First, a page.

PREVIEW: Reason Rally Mini-Con Offers a la Carte Menu of Speakers in More Intimate Setting

On Sunday June 5th, a group of leaders, scholars, and activists in the secular community will come together to present a mini-convention, as part of the Reason Rally in Washington DC.

George-Hrab-Broad-Street-Score-portraitThe day is shaping up to be a wonderful tribute to scientific and free thought. Hosted by multi-talented podcaster George Hrab, there is sure to be an air of wit weaved throughout. Representing secularism in positive, practical and awe-inspiring ways is the aim of the day, and it will include fascinating speakers and panel members such as Lawrence Krauss, Julia Sweeney, Maryam Namazie, Dave Silverman, Annabelle Gurwitch, and many more. They will all be there to discuss the virtues of humanism, science, education, and of maintaining a secular society.

The speakers at the Reason Rally’s mini-convention will be covering a wide range of subjects and will focus on the importance and value of secular life. The day will feature experts and their first hand accounts of how to apply secularism and free thought to many aspects of life — matters such as: how to become a celebrant, media tips, defending secularism, and taking on the Religious Right in courthouses and schools. Religion has long been a dominant voice, but talks such as these can help to broaden minds as well as position secularists for success. mini-con starts at 10am and has a single lineup in the Grand Ballroom of the Washington Court Hotel until after lunch.  The morning lineup includes a presentation by Sunday Assembly, a celebrity panel from the previous day’s main rally, and a conversation with Annabelle Gurwitch and Barbara Ehrenreich.

I think the best thing about this mini-con is that beginning shortly after 1pm, attendees will be able to pick and choose which speakers and workshops they attend among five different conference rooms in the hotel operating simultaneously.  One of the interesting things about this is that each lineup tends to have its own theme, seemingly providing something for everyone.

The Grand Ballroom will host two panel discussions with some prominent and famous names in secularism. The Springwood 1 room will have talks from leaders of three of the largest secular advocacy organizations: AHA, FFRF, and American Atheists.  Springwood 2 will host speakers focused on presenting secularism and humanism in a positive way, especially in regards to children and young adults. Speakers will include leaders from Camp Quest, Young Skeptics, and Secular Student Alliance. The Hermitage room doesn’t seem to carry a theme, but has a great lineup as well, including CFI, how to become a celebrant, and A Better Life panel discussion.

Once the breakouts are completed, the keynote will be delivered by Bonya Ahmed, widow of atheist blogger and activist Avjit Roy. This should be a fascinating insight into the non-acceptance of free thought in places such as Bangladesh, where non-believers are punished with prison and in her husband’s case, death.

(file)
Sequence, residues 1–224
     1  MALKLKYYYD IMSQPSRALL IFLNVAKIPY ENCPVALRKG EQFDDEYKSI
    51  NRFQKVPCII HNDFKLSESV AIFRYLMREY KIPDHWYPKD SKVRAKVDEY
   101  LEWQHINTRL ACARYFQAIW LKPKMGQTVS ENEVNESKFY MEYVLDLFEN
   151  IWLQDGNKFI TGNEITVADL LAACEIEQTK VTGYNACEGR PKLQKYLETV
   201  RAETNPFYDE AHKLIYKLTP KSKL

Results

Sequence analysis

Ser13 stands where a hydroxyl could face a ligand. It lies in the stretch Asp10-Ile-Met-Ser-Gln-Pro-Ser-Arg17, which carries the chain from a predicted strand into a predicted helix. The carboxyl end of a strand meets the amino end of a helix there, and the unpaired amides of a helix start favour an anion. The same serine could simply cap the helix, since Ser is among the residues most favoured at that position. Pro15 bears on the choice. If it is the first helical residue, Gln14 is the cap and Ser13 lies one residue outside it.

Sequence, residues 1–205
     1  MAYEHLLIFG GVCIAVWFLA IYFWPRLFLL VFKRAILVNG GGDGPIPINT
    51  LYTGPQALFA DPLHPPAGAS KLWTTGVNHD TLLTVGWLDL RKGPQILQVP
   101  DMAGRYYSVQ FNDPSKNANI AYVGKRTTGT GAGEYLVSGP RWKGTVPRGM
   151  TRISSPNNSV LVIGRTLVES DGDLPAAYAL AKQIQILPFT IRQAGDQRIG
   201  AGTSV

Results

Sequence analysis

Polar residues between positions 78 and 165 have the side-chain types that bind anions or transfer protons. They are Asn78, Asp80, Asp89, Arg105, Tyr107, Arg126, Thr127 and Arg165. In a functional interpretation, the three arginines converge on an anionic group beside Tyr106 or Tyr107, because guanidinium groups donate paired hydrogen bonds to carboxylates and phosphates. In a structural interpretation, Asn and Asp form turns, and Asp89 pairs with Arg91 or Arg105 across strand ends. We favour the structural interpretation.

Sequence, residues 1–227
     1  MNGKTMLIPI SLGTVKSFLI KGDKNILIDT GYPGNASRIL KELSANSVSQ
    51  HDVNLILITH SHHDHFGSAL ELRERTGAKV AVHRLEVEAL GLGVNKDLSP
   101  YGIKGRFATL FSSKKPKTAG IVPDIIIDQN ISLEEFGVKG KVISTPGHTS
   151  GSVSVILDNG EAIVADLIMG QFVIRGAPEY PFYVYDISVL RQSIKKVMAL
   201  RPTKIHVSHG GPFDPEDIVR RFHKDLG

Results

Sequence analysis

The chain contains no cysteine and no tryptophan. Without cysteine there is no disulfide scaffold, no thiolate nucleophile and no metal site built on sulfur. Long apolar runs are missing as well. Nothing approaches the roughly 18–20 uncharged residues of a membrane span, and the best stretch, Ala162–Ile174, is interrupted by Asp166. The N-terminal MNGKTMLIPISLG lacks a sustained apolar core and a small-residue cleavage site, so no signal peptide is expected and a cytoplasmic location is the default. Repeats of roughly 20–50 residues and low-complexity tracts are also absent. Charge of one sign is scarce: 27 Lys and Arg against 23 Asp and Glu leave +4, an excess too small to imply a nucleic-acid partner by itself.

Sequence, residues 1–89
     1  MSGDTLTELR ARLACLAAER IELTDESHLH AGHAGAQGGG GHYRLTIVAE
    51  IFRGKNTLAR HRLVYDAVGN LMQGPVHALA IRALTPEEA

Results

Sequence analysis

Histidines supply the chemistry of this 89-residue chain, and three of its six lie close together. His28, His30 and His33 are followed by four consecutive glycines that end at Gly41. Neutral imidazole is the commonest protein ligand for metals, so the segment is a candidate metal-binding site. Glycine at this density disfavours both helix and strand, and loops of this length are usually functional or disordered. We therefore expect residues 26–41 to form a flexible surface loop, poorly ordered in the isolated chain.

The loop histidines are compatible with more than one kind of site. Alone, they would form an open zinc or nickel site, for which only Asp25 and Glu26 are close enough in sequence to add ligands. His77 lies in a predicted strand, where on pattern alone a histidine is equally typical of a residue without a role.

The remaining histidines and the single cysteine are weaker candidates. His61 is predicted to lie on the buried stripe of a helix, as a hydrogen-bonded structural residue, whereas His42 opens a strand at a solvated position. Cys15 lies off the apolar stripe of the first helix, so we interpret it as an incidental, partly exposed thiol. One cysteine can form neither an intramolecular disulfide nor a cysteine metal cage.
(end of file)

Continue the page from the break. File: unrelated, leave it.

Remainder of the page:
The mini-convention will be interactive and is set to open minds and broaden world views. The main purpose of the day is to prepare those who attend to head back out into the world with the tools to spread positive messages of free-thought, skepticism and sound knowledge to others. All speakers will demonstrate that secular lives have both value and purpose.

Tickets for the Reason Rally Mini-Convention are still available here.  Will you be there? Let us know in the comments!

Kevin Davis

Kevin Davis is the head writer and editor for SecularVoices, co-founder of Young Skeptics, and author of Understanding an Atheist. He is known for local and national secular activism and has spoken at conferences and events such as Reason Rally 2016 and the Ark Encounter Protest and Rally.

View all posts by Kevin Davis →

3 thoughts on “PREVIEW: Reason Rally Mini-Con Offers a la Carte Menu of Speakers in More Intimate Setting

  1. Are there only two perspectives? Creationism or evolution! Both limitations are exclusive of other possibilities.

    1. The other perspective is agnosticism, I would say there is a spectrum of belief – one end is having faith in a God, who has purposely created humankind. On the other end is scientific belief, and accepting Darwin’s theory, that we have evolved. Whatever sparked the big bang is another question entirely. There is also the difference between Deism and Theism. A Deist believes God simply created the Universe and stood back, no intervention. Saying God must have done it, because we don’t know is to jump to a big conclusion.

    2. I suppose it depends on what you mean by “only two perspectives.” Scientifically speaking, there is only one overwhelmingly accepted theory regarding the origin of species, and that’s evolution. If we’re talking about belief systems, there are hundreds, if not thousands, of mythical tales regarding the creation of the universe and everything in it. Only one stance is grounded in actual empirical evidence though, so it just depends on whether or not one wants to live in reality or not.

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